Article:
Much of the buzz surrounding the 82nd Legislative Session seems to be fueled by angst over writing the next state budget and how legislators will make ends meet in the face of expected budgetary “shortfall.” Conservative legislators and Texans, however, should be excited by the opportunity this process represents.
At the beginning of the second week of January 2011, Comptroller Combs released her much-anticipated estimate for available revenue during the next two-year budgeting cycle. In addition to placing the state’s projected general revenue at $77.3 billion (with an actual $72.2 billion to spend after money is stashed in the Rainy Day Fund and $4.3 billion is used to cover the current budget’s deficit), Ms. Combs indicated that while the states pot of spending money was a little lighter this year due to sales tax revenue being lower than projected, we are expected to see an 8% rise over the next biennium.
The heartening news here is that Texas’ economy is showing solid signs of recovery picking up over half of the jobs lost during the worst of the recession, and the state’s economy is projected to steadily expand over the next few years.
This news for the future is very good as further proof that Texas is weathering the national recession far better than most states. Currently however, we do face the challenge of writing a state budget under tighter conditions.
While some are worried, conservatives should be excited. This challenge should be viewed as an opportunity.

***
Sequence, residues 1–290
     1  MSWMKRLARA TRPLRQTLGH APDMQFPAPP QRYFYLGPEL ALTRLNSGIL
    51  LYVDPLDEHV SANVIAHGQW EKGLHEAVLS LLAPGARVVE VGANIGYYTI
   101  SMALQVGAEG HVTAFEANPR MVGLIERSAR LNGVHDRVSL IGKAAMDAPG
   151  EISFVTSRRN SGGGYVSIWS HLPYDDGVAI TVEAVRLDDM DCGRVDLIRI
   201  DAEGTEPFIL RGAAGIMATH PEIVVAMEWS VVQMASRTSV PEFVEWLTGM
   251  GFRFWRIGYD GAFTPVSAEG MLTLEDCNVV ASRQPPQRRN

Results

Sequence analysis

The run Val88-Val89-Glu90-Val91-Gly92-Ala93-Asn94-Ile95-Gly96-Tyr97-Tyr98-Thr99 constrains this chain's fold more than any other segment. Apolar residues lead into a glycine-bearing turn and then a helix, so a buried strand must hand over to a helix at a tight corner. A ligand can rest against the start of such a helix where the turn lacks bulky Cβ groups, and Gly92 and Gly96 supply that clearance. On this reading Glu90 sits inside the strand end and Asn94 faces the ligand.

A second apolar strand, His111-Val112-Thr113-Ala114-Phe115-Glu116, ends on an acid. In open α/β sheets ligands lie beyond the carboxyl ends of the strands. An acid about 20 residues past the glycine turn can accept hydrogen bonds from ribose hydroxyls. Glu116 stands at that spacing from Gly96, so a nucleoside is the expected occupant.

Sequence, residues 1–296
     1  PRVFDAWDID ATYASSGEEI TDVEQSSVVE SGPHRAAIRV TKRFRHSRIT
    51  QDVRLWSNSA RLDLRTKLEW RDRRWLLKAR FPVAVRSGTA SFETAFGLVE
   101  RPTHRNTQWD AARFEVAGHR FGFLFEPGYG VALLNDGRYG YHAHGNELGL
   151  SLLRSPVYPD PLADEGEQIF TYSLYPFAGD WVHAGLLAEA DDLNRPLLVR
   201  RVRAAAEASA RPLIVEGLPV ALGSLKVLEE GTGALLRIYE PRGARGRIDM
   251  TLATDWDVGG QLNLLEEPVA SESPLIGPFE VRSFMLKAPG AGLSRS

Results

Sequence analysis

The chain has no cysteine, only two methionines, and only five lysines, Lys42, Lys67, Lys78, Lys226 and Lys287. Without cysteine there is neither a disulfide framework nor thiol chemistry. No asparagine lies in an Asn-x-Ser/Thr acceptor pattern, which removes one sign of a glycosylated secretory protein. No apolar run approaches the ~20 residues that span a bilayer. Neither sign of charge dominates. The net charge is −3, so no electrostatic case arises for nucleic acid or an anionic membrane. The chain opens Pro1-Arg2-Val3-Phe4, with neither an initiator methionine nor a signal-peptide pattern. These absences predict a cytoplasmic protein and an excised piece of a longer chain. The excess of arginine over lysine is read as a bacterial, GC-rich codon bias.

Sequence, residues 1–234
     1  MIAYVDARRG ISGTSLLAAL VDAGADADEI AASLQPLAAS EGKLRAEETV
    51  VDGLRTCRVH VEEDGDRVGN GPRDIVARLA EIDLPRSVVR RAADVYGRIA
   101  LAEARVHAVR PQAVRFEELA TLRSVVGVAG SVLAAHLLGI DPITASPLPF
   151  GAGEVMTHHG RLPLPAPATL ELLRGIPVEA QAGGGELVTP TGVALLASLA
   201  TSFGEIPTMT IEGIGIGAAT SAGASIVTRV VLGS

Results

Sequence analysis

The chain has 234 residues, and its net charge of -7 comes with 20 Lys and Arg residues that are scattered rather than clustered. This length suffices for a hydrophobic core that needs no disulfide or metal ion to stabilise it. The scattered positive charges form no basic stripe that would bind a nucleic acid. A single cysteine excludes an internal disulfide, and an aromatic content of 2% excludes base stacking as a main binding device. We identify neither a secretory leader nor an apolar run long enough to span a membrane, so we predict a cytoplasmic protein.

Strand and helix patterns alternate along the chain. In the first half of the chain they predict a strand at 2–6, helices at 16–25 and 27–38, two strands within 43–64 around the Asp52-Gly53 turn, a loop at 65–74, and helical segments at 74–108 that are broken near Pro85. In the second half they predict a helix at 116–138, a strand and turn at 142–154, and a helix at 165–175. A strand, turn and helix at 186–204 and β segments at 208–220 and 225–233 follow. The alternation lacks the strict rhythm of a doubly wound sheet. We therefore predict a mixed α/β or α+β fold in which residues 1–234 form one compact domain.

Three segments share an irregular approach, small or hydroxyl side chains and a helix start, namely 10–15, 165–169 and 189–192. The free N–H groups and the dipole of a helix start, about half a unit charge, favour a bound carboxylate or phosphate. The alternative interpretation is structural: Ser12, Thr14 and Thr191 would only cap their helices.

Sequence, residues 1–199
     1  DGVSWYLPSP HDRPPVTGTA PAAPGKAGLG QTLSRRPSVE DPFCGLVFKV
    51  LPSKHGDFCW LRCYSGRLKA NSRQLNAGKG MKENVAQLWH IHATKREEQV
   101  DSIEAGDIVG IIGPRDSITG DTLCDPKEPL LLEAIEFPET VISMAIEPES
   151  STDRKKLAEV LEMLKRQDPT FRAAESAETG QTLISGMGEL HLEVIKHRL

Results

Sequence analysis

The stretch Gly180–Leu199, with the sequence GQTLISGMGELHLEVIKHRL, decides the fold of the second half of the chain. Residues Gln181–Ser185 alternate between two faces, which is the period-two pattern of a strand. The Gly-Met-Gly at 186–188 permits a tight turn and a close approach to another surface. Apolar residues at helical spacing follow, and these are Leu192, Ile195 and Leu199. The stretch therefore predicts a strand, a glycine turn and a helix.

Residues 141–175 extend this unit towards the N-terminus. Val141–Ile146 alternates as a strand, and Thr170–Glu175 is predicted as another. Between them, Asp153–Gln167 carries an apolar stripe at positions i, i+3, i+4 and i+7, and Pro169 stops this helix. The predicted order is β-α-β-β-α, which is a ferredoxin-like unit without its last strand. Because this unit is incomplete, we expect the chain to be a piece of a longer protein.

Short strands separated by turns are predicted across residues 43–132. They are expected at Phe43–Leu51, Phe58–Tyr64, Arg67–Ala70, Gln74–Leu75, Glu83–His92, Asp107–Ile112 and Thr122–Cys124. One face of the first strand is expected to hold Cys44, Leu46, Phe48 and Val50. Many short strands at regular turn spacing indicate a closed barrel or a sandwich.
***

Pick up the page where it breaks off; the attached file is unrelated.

Because our resources are more limited, we have the opportunity to truly take a close look at our state government and consider its role in our lives, to examine state expenditures deciding what is essential versus what is non-essential, and (like we do at home) distinguish between ‘needs’ and ‘wants’.
On the whole, Texans issued a clear mandate to their elected officials in November. They want a more limited government with less spending and no new taxes.
Texas lawmakers need to listen to their electorate and balance this budget without increasing taxes or creating “new revenue streams” while looking to enhance government efficiency. Some spending reductions will be difficult, as it’s been difficult for families across Texas these past few years, but lawmakers must correctly prioritize how the people’s money is spent.
Legislators must also not become weak in the knees when it comes to making tough decisions because they fear that people won’t like them if they do. After campaigning on fiscal responsibility, legislators should not hesitate to make fiscally responsible choices. The people elected their representatives on those principles and promises and will respect an official that follows through on their commitments.
With a super-majority in the Texas House, Republicans have a golden opportunity to demonstrate that amidst a challenging budgetary process they are willing to lead with the commonsense conservative principles they campaigned on, leaving Texas a more efficient, free and prosperous then they found it.
Andrew Kerr is the Executive Director of Empower Texans / Texans for Fiscal Responsibility
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